As part of the Bologna Process all students, who graduated from 2005, should be issued the Diploma Supplement on the successful completion of any higher education qualification.

The Diploma Supplement provides additional details relating to successfully completed higher education qualifications, at all three cycles of study – Bachelor, Master's and Doctorate level. The Diploma Supplement outlines institutional details, course content, type of study, modules covered, and skills required to complete the programme. In addition it contextualises the qualification in relation to its national education system. The Diploma Supplement may be helpful for you to use when continuing with studies, embarking on further training, and/or applying for work.

Diploma Supplements are issued by the university or institution at which you studied. It is advisable to contact the academic registry at your university to determine whether they issue the Europass Diploma Supplement. You may need to make a request for one to be issued. Some universities may issue their own version or copy of the Diploma Supplement.

If your university does not issue the official Europass Diploma Supplement, but they would like to, they can arrange to do this through the Bologna experts. The National Europass Centre is able to help universities and institutions who wish to adopt the Diploma Supplement, by providing the template, issuing guidelines and offering assistance. Please note, your National Europass Centre does not issue the Diploma Supplements itself.



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Cover Letter

Mistakes to Avoid on a Cover / Motivation letter

When applying for a job, a cover letter can often be the make or break of an employment opportunity, these are some common mistakes to avoid.



Mistakes on cover / motivation letter


A cover letter is often the first point of contact between an employer and the applicant, it therefore provides an excellent chance to "sell yourself" provided your letter gives off a good first impression. Although many common mistakes on cover letters seem minor, if the job has other applicants, mistakes on your cover letter and resume could cause for a preference of other candidates by the employer.

Top 5 cover letter mistakes

  • Using the wrong format - Your cover letter should follow the standard format that employers are expecting. Avoid trying to differ yourself from other applicants in this way, especially when applying to a conservative industry. Also remember to use size size 12 for text and make sure to use a standard font such as Times New Roman.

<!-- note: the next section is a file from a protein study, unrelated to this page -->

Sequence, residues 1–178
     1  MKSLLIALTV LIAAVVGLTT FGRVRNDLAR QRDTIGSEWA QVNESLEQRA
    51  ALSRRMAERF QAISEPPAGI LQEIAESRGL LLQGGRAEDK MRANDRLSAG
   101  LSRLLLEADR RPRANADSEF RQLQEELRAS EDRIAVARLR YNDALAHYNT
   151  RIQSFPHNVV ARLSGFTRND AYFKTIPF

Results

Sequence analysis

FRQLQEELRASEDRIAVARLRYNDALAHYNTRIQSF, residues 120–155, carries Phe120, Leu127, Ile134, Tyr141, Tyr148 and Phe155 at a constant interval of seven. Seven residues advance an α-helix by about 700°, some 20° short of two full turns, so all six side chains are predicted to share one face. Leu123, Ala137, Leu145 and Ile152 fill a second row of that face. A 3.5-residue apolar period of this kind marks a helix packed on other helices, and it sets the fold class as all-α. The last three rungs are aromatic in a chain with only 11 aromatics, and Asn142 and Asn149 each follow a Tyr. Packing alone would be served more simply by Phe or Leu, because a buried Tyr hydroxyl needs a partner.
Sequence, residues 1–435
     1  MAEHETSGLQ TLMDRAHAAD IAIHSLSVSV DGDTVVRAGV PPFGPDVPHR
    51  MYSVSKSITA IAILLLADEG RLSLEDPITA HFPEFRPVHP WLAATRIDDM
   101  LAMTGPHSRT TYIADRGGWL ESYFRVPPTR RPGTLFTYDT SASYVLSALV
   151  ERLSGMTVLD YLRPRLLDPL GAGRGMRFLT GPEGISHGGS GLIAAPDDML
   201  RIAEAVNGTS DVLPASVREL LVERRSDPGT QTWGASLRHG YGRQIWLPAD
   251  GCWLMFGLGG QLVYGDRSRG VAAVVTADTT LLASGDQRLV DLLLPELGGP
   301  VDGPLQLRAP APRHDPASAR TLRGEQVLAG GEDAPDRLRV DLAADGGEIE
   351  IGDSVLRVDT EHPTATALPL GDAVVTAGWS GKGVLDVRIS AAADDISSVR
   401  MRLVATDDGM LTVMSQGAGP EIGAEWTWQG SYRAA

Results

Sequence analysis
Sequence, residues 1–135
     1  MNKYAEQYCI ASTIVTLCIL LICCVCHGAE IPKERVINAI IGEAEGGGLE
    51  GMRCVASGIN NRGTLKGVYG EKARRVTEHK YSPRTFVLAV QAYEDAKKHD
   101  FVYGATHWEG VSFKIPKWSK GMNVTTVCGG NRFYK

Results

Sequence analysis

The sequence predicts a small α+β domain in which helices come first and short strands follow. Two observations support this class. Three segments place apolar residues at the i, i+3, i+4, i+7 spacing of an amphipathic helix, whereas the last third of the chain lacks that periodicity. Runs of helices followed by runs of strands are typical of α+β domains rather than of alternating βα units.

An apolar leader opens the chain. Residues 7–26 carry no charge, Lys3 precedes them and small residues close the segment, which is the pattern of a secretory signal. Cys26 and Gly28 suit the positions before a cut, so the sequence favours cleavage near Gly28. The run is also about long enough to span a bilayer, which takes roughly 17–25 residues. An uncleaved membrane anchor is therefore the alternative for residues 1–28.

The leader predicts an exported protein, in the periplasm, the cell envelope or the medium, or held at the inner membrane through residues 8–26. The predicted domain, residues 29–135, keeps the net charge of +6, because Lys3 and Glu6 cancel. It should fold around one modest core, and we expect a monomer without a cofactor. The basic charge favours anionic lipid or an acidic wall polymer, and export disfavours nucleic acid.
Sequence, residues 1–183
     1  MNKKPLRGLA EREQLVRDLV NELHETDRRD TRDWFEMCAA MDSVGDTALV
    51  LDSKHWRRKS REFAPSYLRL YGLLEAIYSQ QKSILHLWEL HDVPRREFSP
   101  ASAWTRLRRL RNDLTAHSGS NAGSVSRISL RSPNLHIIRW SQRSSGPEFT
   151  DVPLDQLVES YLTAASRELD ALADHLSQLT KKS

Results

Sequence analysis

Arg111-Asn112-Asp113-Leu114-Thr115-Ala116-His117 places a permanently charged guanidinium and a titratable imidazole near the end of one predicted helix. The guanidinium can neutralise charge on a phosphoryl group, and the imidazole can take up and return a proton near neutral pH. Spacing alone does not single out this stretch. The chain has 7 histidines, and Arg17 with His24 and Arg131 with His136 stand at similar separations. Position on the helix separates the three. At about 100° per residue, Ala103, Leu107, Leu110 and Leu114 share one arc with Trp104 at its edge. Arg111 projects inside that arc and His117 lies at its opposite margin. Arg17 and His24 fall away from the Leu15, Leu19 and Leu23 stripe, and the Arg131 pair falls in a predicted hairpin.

How to write a cover/motivation letter

  • Using a wrong or outdated greeting - A respectful greeting is more important than it seems. A too generic greeting such as "to whom it may concern" especially when the name of the appropriate addressee has been given in the listing, can be interpreted as sign of carelessness.

How to write the salutation of a cover letter

  • Spelling and grammar mistakes -A cover letter is a way to display your communication skills to the employer therefore correct spelling and grammar is essential. Remember to also avoid contractions and abbreviations.

10 most common spelling errors to avoid

  • Sending a general letter - The number one mistake made when sending out a cover letter, is taking a generic approach. Avoid sending the same letter to a number of job openings as this is not the purpose of a cover letter, it should describe why you are the ideal candidate for that specific job at that specific company. It is an essential step to mention the job you are applying for and it is also good to include where you found the listing.

How to write the informational paragraphs of a cover letter

  • Too long or too short letters - There is no ideal length for a cover letter, it should be long enough for you to express fully the information that you wish to convey (while adhering to the guidelines), but short enough for it to be brief, concise and to the point. Sending a letter that is too short can give off the impression that you have a low amount of interest in the job, as well as the employer making assumptions about your work ethic. A letter that is too long on the other hand, can burden the reader and the likelihood skipping the letter becomes much greater.